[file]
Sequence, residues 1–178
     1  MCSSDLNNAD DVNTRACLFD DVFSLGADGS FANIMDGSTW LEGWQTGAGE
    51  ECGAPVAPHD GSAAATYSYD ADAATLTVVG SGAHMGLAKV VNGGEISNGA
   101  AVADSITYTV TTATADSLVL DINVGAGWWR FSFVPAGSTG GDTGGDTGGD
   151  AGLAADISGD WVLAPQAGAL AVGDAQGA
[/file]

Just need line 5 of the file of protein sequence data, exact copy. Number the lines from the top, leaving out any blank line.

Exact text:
   151  AGLAADISGD WVLAPQAGAL AVGDAQGA